Oregon Secretary of State Dennis Richardson is leaning on technology to reach the 447,000 Oregonians with inactive voter registration.

Richardson’s office gave the state’s list of inactive voters to Facebook, which cross-referenced the names with its social media profiles. On Tuesday, a video from Richardson started popping up in the feed of personal Facebook profiles of inactive voters.

In the video, Richardson flagged the voter’s inactive status and explained no ballot would be sent for the November election a renewed registration. A link below the video takes them an online registration page.

“Oregon needs your voice to be heard,” Richardson said in the video.

The campaign will continue until Oct. 16, when voter registration ends. After that, staff will analyze how many people renewed their voter registration. Chief of Staff Debra Royal said the office hasn't received any emails from Facebook users targeted by the initiative.

The result is the antithesis of the Russian hacking in the 2016 presidential election: It’s empowering American voters, not silencing them.

It’s the kind of out-of-the-box thinking Richardson seeks from his staff during daily brainstorming sessions, Royal said.

“We do it every morning. It’s a ritual,” Royal said.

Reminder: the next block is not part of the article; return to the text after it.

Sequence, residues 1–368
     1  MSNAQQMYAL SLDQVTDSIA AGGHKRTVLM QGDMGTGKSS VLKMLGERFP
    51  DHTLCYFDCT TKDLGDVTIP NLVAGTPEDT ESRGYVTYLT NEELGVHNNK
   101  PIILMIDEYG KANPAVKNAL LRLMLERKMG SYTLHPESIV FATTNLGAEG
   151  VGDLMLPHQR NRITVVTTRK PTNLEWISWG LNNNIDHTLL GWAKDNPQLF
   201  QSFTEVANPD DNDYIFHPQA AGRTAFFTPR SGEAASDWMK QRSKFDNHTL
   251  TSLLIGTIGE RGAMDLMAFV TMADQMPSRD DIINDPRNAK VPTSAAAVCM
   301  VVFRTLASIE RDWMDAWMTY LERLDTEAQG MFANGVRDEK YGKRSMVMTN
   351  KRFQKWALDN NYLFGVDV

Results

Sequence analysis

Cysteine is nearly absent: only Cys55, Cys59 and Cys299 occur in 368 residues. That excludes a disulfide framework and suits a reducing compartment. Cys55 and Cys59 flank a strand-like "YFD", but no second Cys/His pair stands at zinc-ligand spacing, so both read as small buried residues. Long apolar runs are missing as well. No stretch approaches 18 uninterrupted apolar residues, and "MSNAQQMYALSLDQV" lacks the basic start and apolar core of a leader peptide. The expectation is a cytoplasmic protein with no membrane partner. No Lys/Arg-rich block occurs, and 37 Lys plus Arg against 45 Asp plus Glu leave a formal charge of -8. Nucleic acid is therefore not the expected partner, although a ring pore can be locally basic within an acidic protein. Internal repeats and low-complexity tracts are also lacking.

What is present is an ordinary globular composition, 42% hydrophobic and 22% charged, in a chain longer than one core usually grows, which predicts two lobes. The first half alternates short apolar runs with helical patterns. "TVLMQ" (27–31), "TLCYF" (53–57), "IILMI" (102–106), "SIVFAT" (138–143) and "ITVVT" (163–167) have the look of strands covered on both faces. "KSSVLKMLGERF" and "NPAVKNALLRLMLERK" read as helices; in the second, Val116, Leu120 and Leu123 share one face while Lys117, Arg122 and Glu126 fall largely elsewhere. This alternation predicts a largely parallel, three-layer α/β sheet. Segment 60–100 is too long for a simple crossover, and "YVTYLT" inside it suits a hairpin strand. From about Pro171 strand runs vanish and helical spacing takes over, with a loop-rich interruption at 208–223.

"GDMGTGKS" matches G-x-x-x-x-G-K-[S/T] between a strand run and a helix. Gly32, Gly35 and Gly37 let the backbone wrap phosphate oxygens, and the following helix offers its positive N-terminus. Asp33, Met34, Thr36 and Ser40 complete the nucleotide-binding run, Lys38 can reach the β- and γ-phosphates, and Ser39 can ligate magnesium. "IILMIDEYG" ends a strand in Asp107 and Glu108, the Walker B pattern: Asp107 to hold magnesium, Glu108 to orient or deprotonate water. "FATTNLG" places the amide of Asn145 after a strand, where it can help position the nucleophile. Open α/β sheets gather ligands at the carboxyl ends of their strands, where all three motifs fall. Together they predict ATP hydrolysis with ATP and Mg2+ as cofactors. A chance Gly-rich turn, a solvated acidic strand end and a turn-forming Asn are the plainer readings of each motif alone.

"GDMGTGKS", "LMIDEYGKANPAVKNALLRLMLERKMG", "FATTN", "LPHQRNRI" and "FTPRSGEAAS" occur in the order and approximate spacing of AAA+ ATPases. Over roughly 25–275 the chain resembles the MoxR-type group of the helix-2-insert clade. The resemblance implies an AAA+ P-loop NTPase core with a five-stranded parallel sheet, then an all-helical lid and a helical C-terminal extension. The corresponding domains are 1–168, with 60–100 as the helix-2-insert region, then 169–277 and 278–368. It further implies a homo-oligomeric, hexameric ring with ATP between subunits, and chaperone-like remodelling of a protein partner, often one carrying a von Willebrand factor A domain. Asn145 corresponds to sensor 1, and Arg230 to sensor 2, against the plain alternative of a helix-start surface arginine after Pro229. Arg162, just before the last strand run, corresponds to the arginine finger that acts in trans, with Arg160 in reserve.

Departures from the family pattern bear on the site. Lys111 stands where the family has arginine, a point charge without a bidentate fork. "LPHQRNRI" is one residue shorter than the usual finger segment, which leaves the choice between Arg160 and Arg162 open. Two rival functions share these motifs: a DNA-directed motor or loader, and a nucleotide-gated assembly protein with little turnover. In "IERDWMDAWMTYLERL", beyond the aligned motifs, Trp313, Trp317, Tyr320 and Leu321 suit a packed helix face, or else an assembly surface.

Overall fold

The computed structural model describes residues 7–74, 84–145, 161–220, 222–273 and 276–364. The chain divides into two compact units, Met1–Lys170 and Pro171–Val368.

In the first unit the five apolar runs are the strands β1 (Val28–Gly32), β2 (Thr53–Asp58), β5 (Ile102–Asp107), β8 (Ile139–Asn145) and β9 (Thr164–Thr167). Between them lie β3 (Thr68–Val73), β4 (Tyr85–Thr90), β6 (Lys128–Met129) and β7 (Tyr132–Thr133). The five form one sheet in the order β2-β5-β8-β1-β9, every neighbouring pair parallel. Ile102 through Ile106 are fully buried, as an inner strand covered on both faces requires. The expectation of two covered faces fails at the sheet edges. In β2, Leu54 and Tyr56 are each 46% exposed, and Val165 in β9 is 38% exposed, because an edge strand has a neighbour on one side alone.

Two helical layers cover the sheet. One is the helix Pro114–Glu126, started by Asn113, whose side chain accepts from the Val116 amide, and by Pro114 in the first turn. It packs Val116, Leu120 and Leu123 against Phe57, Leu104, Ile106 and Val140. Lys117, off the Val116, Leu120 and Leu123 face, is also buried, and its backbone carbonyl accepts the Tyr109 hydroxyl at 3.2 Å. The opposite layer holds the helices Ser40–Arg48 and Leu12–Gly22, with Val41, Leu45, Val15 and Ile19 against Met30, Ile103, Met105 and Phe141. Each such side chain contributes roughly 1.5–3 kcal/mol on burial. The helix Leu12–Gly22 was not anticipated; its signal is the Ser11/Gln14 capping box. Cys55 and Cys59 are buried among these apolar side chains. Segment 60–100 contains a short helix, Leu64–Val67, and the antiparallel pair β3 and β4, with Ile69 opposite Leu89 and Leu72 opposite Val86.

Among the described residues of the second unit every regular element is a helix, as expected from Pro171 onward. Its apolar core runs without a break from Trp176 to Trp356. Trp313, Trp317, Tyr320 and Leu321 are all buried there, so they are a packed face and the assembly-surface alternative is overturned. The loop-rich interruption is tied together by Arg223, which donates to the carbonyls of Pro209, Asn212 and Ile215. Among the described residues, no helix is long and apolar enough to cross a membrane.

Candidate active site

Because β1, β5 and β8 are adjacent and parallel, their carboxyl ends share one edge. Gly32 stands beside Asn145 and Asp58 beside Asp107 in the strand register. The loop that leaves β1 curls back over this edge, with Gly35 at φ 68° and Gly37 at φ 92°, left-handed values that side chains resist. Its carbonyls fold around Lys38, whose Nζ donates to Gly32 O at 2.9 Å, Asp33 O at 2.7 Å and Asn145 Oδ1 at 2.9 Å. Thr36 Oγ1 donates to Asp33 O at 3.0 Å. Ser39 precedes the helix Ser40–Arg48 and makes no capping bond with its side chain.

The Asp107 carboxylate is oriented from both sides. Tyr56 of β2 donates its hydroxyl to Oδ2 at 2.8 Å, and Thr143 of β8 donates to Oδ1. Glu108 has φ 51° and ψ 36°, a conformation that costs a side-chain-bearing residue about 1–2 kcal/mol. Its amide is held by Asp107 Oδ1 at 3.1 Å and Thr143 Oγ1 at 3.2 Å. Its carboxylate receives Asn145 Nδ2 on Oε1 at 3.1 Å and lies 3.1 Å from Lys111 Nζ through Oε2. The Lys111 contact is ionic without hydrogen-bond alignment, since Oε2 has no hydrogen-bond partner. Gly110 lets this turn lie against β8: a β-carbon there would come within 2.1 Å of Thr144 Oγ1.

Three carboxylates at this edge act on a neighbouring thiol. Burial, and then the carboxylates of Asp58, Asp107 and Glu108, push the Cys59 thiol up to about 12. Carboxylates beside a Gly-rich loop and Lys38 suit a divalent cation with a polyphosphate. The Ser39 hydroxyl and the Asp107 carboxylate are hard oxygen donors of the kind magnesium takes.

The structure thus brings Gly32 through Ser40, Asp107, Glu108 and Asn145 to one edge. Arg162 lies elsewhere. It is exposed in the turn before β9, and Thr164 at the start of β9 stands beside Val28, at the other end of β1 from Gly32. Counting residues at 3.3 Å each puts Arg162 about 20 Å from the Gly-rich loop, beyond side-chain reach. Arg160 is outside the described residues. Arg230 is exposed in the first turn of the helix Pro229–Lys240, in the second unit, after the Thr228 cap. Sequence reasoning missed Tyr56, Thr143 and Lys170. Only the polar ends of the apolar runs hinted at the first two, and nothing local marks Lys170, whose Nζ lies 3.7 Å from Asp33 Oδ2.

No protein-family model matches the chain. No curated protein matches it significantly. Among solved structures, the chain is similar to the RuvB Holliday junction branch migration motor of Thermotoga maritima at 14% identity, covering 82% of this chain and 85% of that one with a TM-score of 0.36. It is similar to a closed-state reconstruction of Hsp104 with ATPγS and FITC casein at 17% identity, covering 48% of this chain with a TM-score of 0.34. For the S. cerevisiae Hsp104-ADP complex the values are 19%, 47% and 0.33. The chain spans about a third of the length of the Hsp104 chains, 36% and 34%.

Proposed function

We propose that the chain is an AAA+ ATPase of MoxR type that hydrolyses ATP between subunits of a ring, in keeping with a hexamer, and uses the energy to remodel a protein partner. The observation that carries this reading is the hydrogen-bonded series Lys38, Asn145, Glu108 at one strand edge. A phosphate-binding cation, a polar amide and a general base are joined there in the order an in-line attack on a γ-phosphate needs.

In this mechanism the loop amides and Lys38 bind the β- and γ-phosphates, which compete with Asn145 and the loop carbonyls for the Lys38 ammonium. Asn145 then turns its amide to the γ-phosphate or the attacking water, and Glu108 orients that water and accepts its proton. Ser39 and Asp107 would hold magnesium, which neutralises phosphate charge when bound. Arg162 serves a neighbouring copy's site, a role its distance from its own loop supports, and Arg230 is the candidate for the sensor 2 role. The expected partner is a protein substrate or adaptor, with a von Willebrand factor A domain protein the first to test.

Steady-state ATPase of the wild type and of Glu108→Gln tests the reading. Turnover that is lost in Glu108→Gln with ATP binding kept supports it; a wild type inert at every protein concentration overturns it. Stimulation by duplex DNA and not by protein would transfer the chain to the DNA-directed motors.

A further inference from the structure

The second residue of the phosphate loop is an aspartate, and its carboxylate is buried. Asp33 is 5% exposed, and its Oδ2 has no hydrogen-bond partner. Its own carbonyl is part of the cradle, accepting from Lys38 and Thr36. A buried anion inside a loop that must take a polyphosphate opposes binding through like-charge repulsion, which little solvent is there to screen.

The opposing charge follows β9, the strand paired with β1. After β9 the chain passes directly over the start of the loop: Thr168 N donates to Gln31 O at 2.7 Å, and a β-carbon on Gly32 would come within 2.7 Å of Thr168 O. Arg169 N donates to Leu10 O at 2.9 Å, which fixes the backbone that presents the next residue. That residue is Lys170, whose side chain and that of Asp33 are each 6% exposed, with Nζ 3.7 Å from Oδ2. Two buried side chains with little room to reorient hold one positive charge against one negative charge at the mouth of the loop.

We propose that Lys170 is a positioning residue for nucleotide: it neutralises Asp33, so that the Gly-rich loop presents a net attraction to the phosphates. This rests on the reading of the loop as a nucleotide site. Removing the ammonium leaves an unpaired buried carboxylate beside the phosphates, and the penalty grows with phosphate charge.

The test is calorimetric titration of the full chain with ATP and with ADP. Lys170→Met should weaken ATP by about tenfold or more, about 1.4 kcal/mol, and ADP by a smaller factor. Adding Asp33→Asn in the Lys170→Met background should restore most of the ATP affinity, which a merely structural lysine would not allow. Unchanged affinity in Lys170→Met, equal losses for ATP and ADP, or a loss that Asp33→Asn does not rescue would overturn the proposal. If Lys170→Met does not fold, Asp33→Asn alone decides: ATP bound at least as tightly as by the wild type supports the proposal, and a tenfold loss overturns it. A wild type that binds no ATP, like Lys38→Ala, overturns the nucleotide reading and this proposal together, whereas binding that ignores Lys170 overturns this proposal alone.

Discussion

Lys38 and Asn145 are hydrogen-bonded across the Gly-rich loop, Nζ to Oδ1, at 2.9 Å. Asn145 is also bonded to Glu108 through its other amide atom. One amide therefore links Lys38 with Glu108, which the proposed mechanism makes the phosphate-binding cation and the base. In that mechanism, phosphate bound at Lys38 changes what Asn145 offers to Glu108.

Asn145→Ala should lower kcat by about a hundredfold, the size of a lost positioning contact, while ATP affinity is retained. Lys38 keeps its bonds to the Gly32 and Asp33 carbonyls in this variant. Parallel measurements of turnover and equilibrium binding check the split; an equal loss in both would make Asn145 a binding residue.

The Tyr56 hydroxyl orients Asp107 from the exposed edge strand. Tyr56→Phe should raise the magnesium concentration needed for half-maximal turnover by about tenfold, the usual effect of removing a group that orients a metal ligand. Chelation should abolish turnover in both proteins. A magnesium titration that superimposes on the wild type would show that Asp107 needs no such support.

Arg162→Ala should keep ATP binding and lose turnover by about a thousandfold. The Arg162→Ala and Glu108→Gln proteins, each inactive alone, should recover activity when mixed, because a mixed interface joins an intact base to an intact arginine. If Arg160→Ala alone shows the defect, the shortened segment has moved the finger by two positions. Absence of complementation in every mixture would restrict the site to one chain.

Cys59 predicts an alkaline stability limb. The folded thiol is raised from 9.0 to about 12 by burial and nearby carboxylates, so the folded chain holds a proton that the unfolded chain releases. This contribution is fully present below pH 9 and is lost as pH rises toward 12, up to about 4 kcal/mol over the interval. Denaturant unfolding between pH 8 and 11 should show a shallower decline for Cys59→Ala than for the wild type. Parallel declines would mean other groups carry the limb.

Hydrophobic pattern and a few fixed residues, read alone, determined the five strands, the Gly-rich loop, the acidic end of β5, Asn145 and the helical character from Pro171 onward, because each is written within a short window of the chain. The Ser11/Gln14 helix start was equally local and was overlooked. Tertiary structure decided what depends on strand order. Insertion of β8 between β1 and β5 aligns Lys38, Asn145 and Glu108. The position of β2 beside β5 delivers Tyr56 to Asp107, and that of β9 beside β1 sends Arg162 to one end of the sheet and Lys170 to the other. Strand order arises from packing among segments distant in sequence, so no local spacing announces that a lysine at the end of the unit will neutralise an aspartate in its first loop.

When the idea was pitched about six weeks ago, everyone in the room was immediately receptive, Royal said. As far as the office is aware, Oregon is the only state using Facebook to encourage voter participation in this way. The innovative thinking has ushered in welcome praise.

“We are just really excited that it’s been so well received,” Royal said. “We work really hard, we work really long hours. A lot of the time it’s thankless work ... So it’s nice to get accolades in the media. It’s nice to be recognized for our hard work.”

And it’s not just the media attention. Royal said other secretaries of state have reached out to give praise and find out how they could implement the program in their states.

It’s not the first time the office has worked to increase participation under Richardson. Last year, Richardson increased from five years to 10 years how long a voter can miss elections and still be carried as active. That kept 60,000 people on the voting rolls.

Have a tip? Reporter Aubrey Wieber can be reached at [email protected] or 503-375-1251.